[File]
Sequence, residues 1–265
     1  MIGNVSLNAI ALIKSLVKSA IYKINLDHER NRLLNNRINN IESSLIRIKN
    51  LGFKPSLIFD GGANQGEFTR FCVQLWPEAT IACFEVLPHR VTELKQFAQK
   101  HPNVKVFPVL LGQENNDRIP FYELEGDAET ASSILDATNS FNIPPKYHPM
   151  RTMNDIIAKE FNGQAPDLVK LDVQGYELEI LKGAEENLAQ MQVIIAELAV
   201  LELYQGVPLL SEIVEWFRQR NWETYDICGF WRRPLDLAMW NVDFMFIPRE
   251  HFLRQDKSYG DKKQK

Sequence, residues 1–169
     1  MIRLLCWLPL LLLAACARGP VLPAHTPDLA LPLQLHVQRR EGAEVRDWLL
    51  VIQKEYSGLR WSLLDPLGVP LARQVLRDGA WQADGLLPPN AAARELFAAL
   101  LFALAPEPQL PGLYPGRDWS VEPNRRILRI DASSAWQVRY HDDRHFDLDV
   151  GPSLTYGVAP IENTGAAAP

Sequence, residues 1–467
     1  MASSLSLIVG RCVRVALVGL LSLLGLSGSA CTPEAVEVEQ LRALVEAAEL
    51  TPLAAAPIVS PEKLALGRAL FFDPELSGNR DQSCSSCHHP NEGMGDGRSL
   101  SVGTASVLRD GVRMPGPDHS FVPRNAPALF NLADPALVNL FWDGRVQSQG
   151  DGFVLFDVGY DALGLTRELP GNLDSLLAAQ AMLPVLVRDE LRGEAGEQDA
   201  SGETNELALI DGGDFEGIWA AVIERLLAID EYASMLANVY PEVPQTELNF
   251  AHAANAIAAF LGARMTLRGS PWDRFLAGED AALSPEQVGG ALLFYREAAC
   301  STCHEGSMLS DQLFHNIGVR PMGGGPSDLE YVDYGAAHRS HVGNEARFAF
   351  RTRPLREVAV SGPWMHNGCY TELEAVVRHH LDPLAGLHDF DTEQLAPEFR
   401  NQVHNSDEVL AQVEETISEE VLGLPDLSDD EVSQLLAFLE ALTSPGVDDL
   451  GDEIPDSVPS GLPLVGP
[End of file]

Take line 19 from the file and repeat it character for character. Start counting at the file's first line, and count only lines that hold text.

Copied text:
   251  AHAANAIAAF LGARMTLRGS PWDRFLAGED AALSPEQVGG ALLFYREAAC